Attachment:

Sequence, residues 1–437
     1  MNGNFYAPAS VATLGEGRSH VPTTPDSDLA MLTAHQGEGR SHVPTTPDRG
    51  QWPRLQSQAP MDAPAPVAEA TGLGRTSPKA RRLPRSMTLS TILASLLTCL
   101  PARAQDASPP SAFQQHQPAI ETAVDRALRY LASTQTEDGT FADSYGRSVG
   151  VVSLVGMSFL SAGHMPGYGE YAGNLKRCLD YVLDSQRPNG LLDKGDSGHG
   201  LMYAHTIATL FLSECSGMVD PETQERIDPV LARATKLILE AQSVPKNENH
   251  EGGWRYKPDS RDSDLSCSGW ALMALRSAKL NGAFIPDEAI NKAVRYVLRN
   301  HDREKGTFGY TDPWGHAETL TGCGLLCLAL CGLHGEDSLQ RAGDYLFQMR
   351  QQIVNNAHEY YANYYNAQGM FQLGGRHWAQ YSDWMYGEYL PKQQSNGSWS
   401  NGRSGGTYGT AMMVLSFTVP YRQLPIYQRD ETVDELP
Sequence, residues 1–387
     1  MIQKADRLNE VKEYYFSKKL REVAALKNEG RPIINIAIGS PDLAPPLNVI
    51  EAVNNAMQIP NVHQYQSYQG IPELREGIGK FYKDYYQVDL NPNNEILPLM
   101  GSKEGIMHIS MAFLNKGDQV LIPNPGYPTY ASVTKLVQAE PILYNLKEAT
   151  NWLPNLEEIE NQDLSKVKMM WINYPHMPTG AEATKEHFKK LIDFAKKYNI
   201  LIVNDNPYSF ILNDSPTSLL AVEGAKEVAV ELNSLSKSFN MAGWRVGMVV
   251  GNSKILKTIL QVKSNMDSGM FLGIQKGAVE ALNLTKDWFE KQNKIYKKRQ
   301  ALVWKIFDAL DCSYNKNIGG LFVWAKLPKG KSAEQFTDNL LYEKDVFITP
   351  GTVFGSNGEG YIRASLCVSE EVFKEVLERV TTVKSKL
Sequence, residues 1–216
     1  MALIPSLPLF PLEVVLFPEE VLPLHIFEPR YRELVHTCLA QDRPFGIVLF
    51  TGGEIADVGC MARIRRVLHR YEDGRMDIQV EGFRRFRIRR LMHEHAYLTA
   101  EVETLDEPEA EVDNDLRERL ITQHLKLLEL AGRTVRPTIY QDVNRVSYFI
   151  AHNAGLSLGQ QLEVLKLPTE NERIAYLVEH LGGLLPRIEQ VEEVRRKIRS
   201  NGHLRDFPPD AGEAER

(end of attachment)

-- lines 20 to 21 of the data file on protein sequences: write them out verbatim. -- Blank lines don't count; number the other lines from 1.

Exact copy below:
Sequence, residues 1–216
     1  MALIPSLPLF PLEVVLFPEE VLPLHIFEPR YRELVHTCLA QDRPFGIVLF